Google. 5 x 5 Bingo Card Maker. An Experimental Classification Service. Enter an ISBN, OCLC#, UPC, or ISSN Standard Number: An ISBN is a unique number assigned to an item by its publisher.
Each ISBN is a 10 or 13 digit number. Thirteen-digit ISBNs must begin with either 978 or 979. Enter ISBNs with our without hyphens. For example; OCLC assigns a unique number to each bibliographic record input into WorldCat. The Universal Product Code (UPC) is a barcode symbol that is used to track trade items in stores (e.g., audio and video products). The first digit is the Number System Character (NSC) which appears on the left side of the symbol outside of the bars. Enter all digits found on the item (e.g., 008817006925). An ISSN is a standardized international code which allows the identification of a serial publication. Citation_basics. TeachBytes. Video Podcasts @ eLibrary, SIRS, CultureGrams & ProQuest. SurveyMonkey - Connexion. 10 Great Apps for Elementary.
The Educator’s Guide to Copyright, Fair Use, and Creative Commons. Lately, we’ve been hearing more and more about digital copyrights and fair use in the news and online – particularly with the whole SOPA/PIPA uproar that recently swept the web.
Also, we on the Edublogs support team have been getting more and more complaints and official requests to remove copyrighted content that users have placed on blogs. The legal jargon with respect to digital copyrights can be confusing – especially since different countries have their own laws and regulations. With this post, we hope to dispel a few myths and pull together a complete list of resources for teachers and students to use when blogging and working with content online. Rule #1: You Can’t Use Everything You Find On the Web Dexter the cat hates those that steal his photos… This may seem obvious, but judging by the notices we have received, many teachers (and especially students) are under the impression that if it is on the web, then it is up for grabs. Rule #2: There Are Resources You CAN Use Images Videos. Using QR Codes in your library.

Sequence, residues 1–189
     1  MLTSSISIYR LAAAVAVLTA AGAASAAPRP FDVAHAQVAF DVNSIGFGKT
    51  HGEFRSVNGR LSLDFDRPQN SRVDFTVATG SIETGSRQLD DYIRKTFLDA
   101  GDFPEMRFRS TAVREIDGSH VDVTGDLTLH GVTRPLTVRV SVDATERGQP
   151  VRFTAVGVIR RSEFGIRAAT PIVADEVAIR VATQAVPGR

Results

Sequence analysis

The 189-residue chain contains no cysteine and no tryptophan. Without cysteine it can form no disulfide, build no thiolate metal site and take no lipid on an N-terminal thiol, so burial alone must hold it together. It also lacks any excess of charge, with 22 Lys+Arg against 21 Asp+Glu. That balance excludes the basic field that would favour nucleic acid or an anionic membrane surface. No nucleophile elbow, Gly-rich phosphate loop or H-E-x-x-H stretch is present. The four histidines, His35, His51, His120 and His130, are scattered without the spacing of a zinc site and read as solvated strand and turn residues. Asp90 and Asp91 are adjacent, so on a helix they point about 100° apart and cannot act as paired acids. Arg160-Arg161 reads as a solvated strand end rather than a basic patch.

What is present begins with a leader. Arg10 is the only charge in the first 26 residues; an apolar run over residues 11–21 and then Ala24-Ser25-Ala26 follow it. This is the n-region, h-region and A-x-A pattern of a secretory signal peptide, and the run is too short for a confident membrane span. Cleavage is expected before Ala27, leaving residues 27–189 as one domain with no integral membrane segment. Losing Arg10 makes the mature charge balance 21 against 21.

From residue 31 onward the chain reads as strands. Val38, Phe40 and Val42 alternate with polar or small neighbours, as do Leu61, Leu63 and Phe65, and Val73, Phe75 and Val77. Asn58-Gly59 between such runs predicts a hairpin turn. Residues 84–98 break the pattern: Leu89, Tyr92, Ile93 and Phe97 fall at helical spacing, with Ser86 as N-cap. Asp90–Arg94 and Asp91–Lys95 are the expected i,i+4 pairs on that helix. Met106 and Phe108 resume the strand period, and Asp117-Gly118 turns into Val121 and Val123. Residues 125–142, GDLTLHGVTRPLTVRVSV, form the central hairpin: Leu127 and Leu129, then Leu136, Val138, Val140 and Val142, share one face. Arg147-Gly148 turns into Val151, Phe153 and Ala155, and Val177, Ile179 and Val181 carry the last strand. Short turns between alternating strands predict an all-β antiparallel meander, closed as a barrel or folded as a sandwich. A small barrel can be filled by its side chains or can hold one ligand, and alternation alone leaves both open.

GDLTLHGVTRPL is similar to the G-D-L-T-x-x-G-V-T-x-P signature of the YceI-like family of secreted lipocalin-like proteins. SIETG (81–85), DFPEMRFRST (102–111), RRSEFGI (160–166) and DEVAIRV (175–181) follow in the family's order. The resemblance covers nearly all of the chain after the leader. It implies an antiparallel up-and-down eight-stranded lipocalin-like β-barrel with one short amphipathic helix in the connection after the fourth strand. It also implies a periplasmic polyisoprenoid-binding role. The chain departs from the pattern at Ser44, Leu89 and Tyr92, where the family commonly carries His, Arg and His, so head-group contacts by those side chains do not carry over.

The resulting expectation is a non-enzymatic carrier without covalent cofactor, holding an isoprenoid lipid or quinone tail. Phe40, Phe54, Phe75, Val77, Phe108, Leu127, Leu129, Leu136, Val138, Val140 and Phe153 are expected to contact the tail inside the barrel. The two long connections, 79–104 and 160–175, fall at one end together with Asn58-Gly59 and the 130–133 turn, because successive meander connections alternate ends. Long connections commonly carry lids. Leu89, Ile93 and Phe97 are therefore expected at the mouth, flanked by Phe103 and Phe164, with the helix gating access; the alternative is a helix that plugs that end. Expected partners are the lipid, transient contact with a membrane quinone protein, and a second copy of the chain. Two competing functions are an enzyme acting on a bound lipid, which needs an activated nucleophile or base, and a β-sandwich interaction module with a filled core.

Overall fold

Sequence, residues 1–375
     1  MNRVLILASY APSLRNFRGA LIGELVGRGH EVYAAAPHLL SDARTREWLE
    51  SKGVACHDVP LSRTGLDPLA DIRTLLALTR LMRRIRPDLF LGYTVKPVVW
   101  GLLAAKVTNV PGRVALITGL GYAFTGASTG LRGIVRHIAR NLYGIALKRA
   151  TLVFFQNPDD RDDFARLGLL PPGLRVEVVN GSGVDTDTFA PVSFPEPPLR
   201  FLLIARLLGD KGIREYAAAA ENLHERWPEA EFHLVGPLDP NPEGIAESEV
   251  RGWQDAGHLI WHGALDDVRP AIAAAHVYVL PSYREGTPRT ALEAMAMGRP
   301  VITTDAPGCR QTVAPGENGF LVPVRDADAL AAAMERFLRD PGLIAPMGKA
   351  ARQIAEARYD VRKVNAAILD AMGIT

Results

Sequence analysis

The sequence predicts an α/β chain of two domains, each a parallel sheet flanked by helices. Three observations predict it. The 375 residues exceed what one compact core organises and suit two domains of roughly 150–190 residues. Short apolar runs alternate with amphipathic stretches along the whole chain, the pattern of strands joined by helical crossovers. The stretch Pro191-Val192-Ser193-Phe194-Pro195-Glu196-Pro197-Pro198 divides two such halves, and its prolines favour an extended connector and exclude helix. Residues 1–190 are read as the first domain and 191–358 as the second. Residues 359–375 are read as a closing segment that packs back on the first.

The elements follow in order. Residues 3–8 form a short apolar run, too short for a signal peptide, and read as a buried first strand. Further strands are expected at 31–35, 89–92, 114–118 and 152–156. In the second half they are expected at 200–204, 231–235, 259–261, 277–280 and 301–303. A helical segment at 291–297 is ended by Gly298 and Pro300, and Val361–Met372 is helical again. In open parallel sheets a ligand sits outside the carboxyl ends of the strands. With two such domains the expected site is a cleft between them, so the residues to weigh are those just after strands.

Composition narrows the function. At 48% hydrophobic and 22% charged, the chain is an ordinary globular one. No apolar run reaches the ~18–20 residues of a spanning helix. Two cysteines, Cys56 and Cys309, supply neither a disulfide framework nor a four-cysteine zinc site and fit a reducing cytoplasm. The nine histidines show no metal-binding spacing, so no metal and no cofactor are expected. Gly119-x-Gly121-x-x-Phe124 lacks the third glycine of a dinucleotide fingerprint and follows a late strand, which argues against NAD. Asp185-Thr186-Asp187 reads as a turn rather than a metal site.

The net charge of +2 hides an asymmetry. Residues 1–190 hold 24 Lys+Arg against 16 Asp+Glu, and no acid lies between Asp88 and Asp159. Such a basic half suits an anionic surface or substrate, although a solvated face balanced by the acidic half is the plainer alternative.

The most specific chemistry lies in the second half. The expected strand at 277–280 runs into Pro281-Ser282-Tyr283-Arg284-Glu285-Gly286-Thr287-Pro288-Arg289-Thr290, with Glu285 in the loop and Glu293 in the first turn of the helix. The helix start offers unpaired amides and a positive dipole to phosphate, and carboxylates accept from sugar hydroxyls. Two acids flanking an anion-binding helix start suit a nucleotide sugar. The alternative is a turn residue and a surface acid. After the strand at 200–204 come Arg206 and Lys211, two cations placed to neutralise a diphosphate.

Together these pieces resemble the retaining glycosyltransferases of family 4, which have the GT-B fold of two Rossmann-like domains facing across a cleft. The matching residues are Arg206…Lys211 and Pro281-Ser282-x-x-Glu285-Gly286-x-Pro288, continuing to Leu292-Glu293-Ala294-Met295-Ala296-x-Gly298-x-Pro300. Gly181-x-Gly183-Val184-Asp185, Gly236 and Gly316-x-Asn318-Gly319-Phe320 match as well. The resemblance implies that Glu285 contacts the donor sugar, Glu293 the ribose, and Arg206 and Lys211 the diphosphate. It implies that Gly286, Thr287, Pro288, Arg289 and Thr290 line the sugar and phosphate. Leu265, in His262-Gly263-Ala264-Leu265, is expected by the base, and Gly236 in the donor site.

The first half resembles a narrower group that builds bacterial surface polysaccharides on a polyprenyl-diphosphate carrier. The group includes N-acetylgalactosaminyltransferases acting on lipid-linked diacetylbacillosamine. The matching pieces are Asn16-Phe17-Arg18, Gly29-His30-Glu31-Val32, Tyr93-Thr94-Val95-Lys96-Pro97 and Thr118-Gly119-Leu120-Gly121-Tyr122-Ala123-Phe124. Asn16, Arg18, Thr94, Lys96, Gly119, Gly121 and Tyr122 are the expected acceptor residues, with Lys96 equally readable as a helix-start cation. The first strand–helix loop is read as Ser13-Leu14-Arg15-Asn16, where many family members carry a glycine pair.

Seven Ways to Build Your Own Educational Games. There are hundreds of places to find educational games and quizzes on the Internet.
That said, sometimes you still cannot find quite what you're looking for. In those cases you're better off creating your own games. Here are seven good tools you and your students can use for creating games. Sharendipity makes it possible for students and teachers to quickly create and share simple video games. Sharendipity's drag and drop creation tools can be used to create a game in as few as four steps.
ClassTools.net is a free service teachers can use to create their own educational games. Purpose Games is a free service that allows users to create custom games, share games, and play games. What 2 Learn is a website offering more than two thousand educational games for middle school and high school age students. YoYo Games hosts hundreds of relatively simple online games created by amateur and professional game developers. 26 Teacher Tools To Create Online Assessments. 35+ Educational Games and Games Resources. Web 2.0 Tools.